Reflexively, many trauma professionals decide to just stop the medication, especially if they believe that the patient may injure themselves again (and again, sometimes). However, this may not always be a good idea. Remember the good old juice to squeeze ratio. Look a the risks (reinjury) vs the potential benefits (stroke prevention). The easiest way to assess this is to use CHADS2.

CHADS2 is a validated scoring system for predicting stroke risk in people with atrial fibrillation. There are 5 components as follows:

  • C – congestive heart failure – 1 point
  • H – hypertension (treated or untreated) – 1 point
  • A – age >= 75 – 1 point
  • D – diabetes mellitus – 1 point
  • S2 – history of stroke or TIA – 2 points

Stroke risk is directly correlated to the number of points scored. So based on that the recommendations are:

  • Score = 0: low risk, no therapy needed or just take aspirin
  • Score = 1: moderate risk, aspirin or oral anticoagulant
  • Score >= 2: moderate to high risk, take oral anticoagulant

Bottom line: Evaluate every trauma patient on anticoagulation to see if they really need to keep taking it. If it’s for a one-time episode of DVT or PE that happened years ago, they should be able to stop. If it’s for a-fib, check their CHADS2 score and work with their primary care provider to see if they could take aspirin or nothing. Factor in a history of frequent falls or car crashes as well.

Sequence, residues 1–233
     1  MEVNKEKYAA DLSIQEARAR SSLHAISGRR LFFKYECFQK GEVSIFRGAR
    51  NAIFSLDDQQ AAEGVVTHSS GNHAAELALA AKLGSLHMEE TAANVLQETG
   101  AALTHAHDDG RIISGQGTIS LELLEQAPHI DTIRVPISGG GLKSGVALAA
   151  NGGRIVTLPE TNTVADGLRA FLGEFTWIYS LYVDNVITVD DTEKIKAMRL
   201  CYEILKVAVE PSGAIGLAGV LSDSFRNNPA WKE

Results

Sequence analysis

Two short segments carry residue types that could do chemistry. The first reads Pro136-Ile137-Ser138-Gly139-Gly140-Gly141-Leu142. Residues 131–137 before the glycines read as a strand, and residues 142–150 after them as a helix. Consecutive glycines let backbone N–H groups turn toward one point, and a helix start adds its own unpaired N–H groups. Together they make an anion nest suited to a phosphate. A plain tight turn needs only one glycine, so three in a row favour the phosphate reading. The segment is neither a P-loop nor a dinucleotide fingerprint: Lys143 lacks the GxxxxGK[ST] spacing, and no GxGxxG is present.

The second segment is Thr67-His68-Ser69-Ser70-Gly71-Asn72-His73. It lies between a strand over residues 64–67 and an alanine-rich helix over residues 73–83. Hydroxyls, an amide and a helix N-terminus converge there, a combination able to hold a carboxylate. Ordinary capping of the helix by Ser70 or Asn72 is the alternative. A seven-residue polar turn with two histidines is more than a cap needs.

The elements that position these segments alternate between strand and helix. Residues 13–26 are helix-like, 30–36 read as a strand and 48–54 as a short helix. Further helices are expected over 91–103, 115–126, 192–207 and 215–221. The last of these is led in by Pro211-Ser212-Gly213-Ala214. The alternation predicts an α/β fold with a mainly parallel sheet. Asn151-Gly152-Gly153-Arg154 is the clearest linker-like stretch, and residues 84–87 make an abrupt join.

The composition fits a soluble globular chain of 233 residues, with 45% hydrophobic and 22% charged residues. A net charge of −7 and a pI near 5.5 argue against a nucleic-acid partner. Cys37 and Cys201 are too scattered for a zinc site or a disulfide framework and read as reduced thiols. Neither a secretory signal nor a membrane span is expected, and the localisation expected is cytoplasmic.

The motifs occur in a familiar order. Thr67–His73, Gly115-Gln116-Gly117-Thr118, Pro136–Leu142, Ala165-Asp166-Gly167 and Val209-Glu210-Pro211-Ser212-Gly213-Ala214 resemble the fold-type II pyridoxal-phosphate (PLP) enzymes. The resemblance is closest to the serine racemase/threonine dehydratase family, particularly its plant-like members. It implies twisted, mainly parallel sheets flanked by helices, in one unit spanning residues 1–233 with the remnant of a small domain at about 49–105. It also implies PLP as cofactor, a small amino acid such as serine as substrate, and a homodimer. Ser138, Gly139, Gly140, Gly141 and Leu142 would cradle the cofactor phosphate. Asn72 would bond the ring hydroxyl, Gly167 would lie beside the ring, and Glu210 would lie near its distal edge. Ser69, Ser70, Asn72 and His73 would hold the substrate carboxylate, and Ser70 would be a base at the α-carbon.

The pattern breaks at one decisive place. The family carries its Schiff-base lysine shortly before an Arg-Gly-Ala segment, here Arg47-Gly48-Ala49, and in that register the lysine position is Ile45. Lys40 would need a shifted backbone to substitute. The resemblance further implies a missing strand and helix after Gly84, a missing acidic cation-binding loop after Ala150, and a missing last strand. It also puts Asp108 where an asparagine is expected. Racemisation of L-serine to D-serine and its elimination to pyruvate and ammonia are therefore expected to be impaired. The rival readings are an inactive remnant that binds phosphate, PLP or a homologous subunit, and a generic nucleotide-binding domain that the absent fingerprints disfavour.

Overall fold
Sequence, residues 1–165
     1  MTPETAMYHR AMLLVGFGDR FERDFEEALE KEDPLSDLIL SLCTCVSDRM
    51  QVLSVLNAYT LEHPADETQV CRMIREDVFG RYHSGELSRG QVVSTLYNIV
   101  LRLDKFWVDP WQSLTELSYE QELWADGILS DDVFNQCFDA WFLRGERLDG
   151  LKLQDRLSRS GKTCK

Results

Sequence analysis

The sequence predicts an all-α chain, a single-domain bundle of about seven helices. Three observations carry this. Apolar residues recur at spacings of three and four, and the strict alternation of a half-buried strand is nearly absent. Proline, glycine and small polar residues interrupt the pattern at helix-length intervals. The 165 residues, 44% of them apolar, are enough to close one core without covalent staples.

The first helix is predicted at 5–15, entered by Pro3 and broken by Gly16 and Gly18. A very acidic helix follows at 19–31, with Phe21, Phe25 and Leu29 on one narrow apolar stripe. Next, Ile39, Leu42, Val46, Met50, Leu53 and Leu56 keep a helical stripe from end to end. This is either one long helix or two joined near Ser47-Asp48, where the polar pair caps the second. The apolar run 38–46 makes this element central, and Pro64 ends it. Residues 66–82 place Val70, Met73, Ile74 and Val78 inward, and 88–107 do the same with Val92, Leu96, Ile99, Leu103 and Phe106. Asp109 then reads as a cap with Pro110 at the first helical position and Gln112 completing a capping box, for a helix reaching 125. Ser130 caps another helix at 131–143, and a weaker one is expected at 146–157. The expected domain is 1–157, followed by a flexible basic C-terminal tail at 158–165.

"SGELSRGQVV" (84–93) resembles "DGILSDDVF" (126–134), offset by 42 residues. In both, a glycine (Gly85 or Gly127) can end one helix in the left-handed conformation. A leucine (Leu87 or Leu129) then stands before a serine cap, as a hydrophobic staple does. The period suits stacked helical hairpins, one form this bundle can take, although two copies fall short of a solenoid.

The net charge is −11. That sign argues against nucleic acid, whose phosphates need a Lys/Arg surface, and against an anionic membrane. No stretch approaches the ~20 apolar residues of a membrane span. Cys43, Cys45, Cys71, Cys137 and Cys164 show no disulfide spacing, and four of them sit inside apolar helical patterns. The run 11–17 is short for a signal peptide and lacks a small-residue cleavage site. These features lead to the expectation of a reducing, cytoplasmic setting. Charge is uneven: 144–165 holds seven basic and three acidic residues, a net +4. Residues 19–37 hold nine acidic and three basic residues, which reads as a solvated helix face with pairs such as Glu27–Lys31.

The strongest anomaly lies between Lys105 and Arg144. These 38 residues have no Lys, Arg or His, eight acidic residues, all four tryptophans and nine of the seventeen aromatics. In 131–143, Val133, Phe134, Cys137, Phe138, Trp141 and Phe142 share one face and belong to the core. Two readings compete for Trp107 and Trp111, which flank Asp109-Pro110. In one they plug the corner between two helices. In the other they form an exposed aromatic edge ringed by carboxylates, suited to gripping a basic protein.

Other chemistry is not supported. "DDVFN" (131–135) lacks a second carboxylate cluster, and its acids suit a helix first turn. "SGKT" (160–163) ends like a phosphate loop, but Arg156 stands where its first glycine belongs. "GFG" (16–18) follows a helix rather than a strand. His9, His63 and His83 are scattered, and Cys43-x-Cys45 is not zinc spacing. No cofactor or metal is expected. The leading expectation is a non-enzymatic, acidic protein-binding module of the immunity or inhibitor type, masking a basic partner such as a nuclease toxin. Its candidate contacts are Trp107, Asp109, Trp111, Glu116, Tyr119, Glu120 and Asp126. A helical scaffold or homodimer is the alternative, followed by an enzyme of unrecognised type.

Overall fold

Related posts: 

Reference: Selecting patients with atrial fibrillation for anticoagulation: stroke risk stratification in patients taking aspirin. Circulation 110 (16): 2287–92, 2004.

When Can Your Trauma Patient Stop Taking Warfarin?

I admit it. I read trauma and surgery literature, not medical literature. Imagine my surprise when a fellow physician (internist) told me that there is an objective system for helping us figure out whether anticoagulation is needed for atrial fibrillation. “CHADS2” he said. Am I the last trauma surgeon on earth to hear about this?

CHADS2 is a validated scoring system for predicting stroke risk in people with atrial fibrillation. There are 5 components as follows:

  • C – congestive heart failure – 1 point
  • H – hypertension (treated or untreated) – 1 point
  • A – age >= 75 – 1 point
  • D – diabetes mellitus – 1 point
  • S2 – history of stroke or TIA – 2 points

Stroke risk is directly correlated to the number of points scored. So based on that the recommendations are:

  • Score = 0: low risk, no therapy needed or just take aspirin
  • Score = 1: moderate risk, aspirin or oral anticoagulant
  • Score >= 2: moderate to high risk, take oral anticoagulant

Bottom line: Evaluate every trauma patient on anticoagulation to see if they really need to keep taking it. If it’s for a one-time episode of DVT or PE that happened years ago, they should be able to stop. If it’s for a-fib, check their CHADS2 score and work with their primary care provider to see if they could take aspirin or nothing. Factor in a history of frequent falls or car crashes as well.

Related posts: 

Reference: Selecting patients with atrial fibrillation for anticoagulation: stroke risk stratification in patients taking aspirin. Circulation 110 (16): 2287–92, 2004.